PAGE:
2)Man presents logic in refutation of the scriptures that is as inconsistent and limited as the inconsistency man thinks he defies.
For instance, I think it is entirely possible that Saul’s sons participated in genocide and God would not let them go unpunished. He is a covenant God. The drought, as God is known to do, brings hidden things to light, and the cause of His disfavor had to be removed- similarly to when Achan hid things from the ban under his tent and Israel sufferred loss until the violation had to be revealed and purged. This is just as logical and likely a possibility and casts the “victims of the imaginary man-made unjust scriptural view of God”" in an entirely different light. Despite whatever their mother’s pain- in such a case they had to be judged. I cannot strictly see what (objective independent) logic would lead to one view over the other, but faith in the wisdom of God and a greater respect for the scriptures causes me personally to regard that as the logical view.
3)God understands war, but hates murder, and these can be two different things.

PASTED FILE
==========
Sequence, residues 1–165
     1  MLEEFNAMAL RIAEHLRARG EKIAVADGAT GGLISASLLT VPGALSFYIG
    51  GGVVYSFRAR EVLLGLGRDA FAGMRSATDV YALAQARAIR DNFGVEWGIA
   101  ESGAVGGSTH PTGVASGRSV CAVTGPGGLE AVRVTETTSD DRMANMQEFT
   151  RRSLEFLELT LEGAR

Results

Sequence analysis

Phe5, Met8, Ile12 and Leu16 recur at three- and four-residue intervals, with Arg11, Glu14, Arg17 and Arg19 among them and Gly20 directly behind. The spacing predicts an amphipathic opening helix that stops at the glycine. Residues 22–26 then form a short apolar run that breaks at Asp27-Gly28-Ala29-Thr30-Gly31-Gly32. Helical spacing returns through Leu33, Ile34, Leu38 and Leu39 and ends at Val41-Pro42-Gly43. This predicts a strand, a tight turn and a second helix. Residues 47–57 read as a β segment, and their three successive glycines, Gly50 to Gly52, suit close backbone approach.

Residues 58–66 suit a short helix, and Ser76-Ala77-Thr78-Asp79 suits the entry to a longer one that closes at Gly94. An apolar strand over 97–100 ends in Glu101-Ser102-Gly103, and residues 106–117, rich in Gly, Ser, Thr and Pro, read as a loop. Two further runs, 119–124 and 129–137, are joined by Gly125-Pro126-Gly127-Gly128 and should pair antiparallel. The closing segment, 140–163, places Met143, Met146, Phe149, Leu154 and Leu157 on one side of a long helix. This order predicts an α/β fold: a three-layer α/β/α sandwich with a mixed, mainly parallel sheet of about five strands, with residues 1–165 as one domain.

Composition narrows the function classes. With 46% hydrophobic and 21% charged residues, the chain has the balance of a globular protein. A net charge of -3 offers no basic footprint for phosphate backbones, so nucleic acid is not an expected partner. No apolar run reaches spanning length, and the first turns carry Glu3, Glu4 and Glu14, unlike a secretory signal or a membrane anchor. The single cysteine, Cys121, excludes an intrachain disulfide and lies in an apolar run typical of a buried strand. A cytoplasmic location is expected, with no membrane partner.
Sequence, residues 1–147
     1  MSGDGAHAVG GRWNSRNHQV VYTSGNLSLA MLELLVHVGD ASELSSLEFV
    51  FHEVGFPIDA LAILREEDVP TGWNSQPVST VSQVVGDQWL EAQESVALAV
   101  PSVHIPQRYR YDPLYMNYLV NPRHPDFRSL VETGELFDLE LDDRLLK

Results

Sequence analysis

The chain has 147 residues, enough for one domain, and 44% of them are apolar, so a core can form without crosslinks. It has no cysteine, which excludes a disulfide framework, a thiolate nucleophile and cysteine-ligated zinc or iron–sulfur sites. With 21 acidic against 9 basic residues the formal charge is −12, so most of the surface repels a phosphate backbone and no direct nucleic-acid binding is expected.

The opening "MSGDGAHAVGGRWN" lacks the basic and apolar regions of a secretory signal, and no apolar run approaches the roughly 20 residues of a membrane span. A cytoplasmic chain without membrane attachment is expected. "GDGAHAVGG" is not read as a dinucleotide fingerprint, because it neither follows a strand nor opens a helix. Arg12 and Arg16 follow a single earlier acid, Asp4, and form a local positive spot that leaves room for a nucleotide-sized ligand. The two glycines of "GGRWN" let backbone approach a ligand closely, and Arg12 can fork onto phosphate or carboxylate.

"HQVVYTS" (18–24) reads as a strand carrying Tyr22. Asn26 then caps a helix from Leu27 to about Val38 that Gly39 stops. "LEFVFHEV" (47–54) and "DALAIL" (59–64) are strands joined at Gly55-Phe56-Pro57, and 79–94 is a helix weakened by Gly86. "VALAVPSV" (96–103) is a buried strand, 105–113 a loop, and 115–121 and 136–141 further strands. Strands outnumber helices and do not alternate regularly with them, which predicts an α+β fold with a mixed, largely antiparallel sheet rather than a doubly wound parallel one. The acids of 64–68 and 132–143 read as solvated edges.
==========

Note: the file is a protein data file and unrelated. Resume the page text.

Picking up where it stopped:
God is working with mankind, and “all the families in heaven and earth” are like waters flowing this way and that. he is the Master of the Seas and he is trying the hearts of men(individually and corporately) within the circumstance of time and chaos(futility- the crucible).
The God who made the world and all things in it, since He is Lord of heaven and earth, does not dwell in temples made with hands; 25 nor is He served by human hands, as though He needed anything, since He Himself gives to all people life and breath and all things; 26 and** He made from one man every nation of mankind to live on all the face of the earth, having determined their appointed times and the boundaries of their habitation, 27 that they would seek God, if perhaps they might grope for Him and find Him, though He is not far from each one of us; 28 for in Him we live and move and exist, as even some of your own poets have said, ‘For we also are His children.**